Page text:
Inorganic chemistry relates to chemical reactions for substances which generally do no include
The area is covered in relationship to the periodic table.. Periodic Table
The periodic table arranges all elements in increasing proton number and shows the
similarity of elements with related electronic configurations.
For atoms to combine to form compounds they must lose electrons or gain or share electrons. The electrons lost gained or shared mostly inhabit the outer shell of the atom. The stable number of electrons in the outer shell is generally eight. If the outer shell is full of electrons then the atom is stable and does not easily form compounds e.g. Helium, Neon etc.
Note: For notes on Redox (Oxidation - Reduction) refer to Redox Notes..
The periodic table as shown includes the tradition method of identifying the vertical columns (groups) IA to VIIA and IB to VIIB, and 0 for the noble gases. The periodic table as shown also includes the modern group numbering system 1 to 18.
The horizontal rows are called periods. The top three rows are called short periods. the lower four rows are called long periods and include the transition elements. Within a period the elements all have the same number of shells. The shell with increasing numbers of electrons in the outer shell along the columns.
The periodic table identifies a very general overall characteristics : In moving down a group the elements show more metallic characteristics as the atoms size increases: Moving across the table the atoms change from a metallic (electropositive) behaviour to a non-metallic (electronegative ) behaviour. Thus the most metallic elements are to the bottom left of the table and the most non-metallic tend to be at the top right of the table.
Group 0 ( 18): Inert gases.. (filled outer electron shell, stable electron configuration )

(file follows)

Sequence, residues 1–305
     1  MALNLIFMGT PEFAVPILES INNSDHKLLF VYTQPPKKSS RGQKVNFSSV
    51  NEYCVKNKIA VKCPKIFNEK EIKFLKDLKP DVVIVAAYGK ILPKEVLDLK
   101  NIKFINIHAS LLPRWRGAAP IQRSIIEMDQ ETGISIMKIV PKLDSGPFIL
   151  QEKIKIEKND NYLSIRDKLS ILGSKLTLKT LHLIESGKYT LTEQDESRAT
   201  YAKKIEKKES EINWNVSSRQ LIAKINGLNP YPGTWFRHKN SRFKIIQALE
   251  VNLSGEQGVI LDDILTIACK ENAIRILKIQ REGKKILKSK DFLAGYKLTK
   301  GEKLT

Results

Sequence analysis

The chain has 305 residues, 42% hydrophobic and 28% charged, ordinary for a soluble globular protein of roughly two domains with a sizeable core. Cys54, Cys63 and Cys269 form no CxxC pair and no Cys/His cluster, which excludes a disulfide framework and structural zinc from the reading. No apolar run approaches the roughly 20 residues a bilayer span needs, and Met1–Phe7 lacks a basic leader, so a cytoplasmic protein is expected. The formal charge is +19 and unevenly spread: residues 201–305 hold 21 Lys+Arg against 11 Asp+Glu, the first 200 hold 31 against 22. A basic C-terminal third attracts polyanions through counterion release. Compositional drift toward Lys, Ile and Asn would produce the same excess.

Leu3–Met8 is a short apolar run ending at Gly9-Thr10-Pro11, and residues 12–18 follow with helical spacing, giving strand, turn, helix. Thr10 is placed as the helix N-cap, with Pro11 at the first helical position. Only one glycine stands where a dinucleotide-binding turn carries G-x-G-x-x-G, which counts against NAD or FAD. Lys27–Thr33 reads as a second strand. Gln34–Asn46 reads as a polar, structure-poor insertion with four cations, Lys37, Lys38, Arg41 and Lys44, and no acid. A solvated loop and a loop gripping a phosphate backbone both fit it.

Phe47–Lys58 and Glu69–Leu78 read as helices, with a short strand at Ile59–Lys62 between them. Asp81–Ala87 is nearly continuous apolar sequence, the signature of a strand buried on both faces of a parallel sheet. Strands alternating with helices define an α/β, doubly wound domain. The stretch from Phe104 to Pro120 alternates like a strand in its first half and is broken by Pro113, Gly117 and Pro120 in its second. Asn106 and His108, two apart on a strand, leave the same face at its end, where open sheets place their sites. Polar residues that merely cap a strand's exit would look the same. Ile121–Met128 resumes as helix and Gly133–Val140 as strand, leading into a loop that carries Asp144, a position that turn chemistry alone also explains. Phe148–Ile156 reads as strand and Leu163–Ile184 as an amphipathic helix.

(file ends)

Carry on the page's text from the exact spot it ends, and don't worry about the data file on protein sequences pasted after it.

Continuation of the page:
Includes Helium, Neon, Argon, Crypton, Xenon and Radon. All these elements are gases which stable and do not readily react to form compounds. They are generally identified as noble gases. These have eight electrons consisting of four pairs. Because their valence electrons are all paired up the Noble gases don't normally form bonding associations. Their valency is therefore considered to be zero. There are only a handful of compounds formed, mostly with Xenon and Radon.
Group VIIA(col 17): Halogens.. (one electron short of stable structure )
This group includes Fluorine, Bromine, Chorine, Iodine, Astatine**. Halogens have similar electronic structures to the Inert gases but do not have complete outer shells with one electron being missing. The halogens are therefore typical non-metals i.e they have high electonegativies-high electron affinities and high ionisation energies.
Group VIA (16): Beginning with Oxygen the elements have six valence electrons. These include two sets of paired electrons and two unpaired electrons. Unpaired electrons are considered excellent candidates for bonding electrons. These elements generally form co-valent bonding when combined with non-metals. They are said to form di-valent covalent bonding.
Groups VA (15) : Beginning with Nitrogen these elements include five valency electrons with two paired up electrons. The paired electrons are not be candidates for bonding and are referred to as "non-bonding" electrons. These elements usually form co-valent bonding when combined with other metalloids or non-metals. They generally are considered tri-valent atoms and form three covalent bonding pairs.
Groups IVA, VA (14) Topped by Carbon and Silicon are considered tetra-valent capable of forming four covalent bonds with other atoms or group of atoms.
Group IIIA (13) Starting with Boron atoms are said to be tri-valent and generally form co-valent bonding associations.
Groups IIIB to IIB (cols 3 to 12): Transition metals (partially filled d electron states, one or two electrons in next shell ).
Groups 2A (cols 2): Alkaline earth metals ( Two electron in excess of stable structure )
These are referred to as di-valent atoms and generally form ionic bonding with non-metals and metalloids.
Groups 1A (cols 1 ): Alkali metals ( One electron in excess of stable structure )
These elements are mono-valent and generally form ionic bonding with non-metals or metalloids. They form mono-valent bonding because they only have one unpaired electron in their valence region. Unpaired electrons are excellent candidates as bonding electrons.
Groups IIIA ,IVA, VA (cols 13,14,15) : Intermediate characteristics by virtue of valence electron stucture
Most metal elements are electropositive (capable of donating a few valence electrons )